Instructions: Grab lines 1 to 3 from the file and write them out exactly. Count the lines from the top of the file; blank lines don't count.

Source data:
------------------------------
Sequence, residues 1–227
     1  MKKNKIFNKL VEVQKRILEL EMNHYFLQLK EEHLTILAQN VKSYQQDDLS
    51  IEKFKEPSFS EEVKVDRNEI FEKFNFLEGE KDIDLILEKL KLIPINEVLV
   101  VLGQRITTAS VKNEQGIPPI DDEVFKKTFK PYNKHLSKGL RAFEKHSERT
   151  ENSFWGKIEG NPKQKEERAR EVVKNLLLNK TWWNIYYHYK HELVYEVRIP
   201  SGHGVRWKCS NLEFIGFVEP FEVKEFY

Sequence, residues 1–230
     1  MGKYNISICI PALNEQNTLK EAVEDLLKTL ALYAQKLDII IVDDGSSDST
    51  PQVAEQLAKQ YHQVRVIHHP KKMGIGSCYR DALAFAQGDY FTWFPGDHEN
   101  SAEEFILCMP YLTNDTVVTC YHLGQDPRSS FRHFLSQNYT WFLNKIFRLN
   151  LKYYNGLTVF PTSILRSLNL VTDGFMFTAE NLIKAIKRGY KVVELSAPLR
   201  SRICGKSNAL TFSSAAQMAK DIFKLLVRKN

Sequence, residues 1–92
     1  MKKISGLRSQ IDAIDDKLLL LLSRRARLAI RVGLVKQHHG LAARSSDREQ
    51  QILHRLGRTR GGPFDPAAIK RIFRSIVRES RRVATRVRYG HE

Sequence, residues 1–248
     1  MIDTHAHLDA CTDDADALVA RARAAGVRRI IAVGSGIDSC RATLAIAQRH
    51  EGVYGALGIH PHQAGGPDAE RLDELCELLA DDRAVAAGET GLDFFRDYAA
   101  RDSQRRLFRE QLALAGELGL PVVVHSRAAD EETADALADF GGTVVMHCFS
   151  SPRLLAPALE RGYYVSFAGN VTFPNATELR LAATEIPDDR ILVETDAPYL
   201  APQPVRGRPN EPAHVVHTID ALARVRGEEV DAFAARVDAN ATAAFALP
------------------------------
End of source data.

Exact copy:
Sequence, residues 1–227
     1  MKKNKIFNKL VEVQKRILEL EMNHYFLQLK EEHLTILAQN VKSYQQDDLS
    51  IEKFKEPSFS EEVKVDRNEI FEKFNFLEGE KDIDLILEKL KLIPINEVLV